Besides, given how little things change from year to year in Alabama, the latest year-end assessment is about as good as the one before it, so what difference does it make, really?
These tidbits come from a report released by the Alabama Center for Health Statistics; you can get them online if you like.
Or you can just take my word that in 2010, an 84-year-old Alabamian fathered a child, a fact that should be accompanied by a word of caution to us all. There was no mention as to whether it was a wanted or unwanted pregnancy (statistics generally leave the “whys” and “why nots” to our imagination). But since more than 40 percent of the births in the state were to unmarried women, there is the same chance that the old guy was one of the fathers. You would think that at his age …
On the other hand, his partner might have been the oldest woman to give birth who, at 53, was only 21 years younger. A little more reasonable, but still …
If the child was male, they probably named him William, which was by far the most popular name for boy babies in Alabama last year. If it was a girl, they likely went with Emma, though Isabella ran a close second.
And in all probability, the baby was white, for white babies outnumbered black babies 2 to 1.
Of course, he could have married someone a lot younger — 31 years, to be exact — for the biggest gap between bride and groom in 2010 was 53 years.
Like Mickey and Sylvia sang in the ’50s, “Love is strange.”
At the other end of the age range, the youngest father was 14 and the youngest mother was 12 and, since the youngest bride in the state was 13, the youngest mother was unwed.
Will these marriages last?
Despite all the family values fol-de-rol you hear around this state, there were 21,238 divorces to compare with 39,382 marriages, proving that the tie that binds is not as tight as all that talk would lead you to believe.
And while teenage weddings continue to be risky (the youngest male to divorce was 17, the youngest female was 16), old folks were capable of breaking the bonds, as well. Just ask the 104-year-old man who got divorced, or the 90-year-old woman.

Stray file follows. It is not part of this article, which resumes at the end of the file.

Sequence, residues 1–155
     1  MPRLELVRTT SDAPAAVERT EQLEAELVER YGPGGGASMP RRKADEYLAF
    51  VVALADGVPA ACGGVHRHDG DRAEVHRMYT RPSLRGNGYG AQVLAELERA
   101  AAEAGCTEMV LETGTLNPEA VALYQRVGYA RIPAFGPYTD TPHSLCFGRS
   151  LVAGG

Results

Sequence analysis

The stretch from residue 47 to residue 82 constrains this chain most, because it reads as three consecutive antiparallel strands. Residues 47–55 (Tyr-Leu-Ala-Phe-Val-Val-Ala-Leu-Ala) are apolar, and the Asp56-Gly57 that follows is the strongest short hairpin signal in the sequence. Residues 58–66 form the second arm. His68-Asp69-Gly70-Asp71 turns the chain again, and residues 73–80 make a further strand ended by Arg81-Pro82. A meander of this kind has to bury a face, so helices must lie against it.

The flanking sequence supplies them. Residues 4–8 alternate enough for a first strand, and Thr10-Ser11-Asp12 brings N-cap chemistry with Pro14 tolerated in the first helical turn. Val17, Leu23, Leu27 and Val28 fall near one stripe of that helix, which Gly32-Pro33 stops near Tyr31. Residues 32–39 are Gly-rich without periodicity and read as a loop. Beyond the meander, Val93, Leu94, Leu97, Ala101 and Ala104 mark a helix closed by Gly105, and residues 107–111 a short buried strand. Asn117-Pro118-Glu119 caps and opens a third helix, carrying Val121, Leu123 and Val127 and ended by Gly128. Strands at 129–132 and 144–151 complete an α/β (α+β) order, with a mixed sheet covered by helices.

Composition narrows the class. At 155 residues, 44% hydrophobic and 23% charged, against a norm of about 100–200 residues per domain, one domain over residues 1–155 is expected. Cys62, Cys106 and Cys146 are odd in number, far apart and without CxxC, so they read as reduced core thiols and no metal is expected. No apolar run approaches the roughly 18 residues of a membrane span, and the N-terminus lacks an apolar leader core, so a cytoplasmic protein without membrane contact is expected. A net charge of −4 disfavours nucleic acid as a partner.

It would be interesting to know if they were married to each other.
Maybe they were the couple who divorced after 58 years — couldn’t take it anymore, I guess.
Probably the same reason would be given for the couple who split after 13 days. They just realized it sooner.
Timing is everything.
In Alabama, the most popular day to get married in 2010 was May 22. The least popular was Jan. 15 — only five couples picked that day.
More births occurred on Sept. 9, which suggests that some people did something other than get drunk to celebrate the New Year — or maybe not. On the other hand, the fewest births were on Sept. 4, which seems to shoot down that theory.
On and on it goes, but if you put them all together, shape the numbers into a snapshot of what a typical Alabama day would be, in that 24 hours there would be 108 marriages and 58 divorces. There would be 164 births and 131 deaths — so we would come out ahead. Of those births, 20 would be to teenagers, 68 would be to unwed mothers and 17 of the babies would have low birth weights. On that typical day, there would be 25 abortions.
Of the 131 deaths, heart disease would claim 33, and cancer would get 28 — two causes that could be reduced if people would stop smoking, eat right and exercise.
On that typical day, three would die in automobile accidents, one would be the victim of a homicide and two would commit suicide.
Those are the facts.
In those facts are human stories, stories of love, risk, disappointment, triumph, despair, hopes and dreams realized and lost.
They say there are lies, damn lies and statistics.
But that’s not true.
Statistics don’t lie.
We lie when we try to make statistics something they are not.
Taken together, these statistics point to things we are doing well, things we could do better, things we should be proud of, and things we should try to correct.
They are our statistics. We can improve them if we try. Or we can let them be what we really are.
Happy New Year.
Harvey H. (Hardy) Jackson is Eminent Scholar in History at Jacksonville State University and a columnist and editorial writer for The Star. E-mail: email@example.com.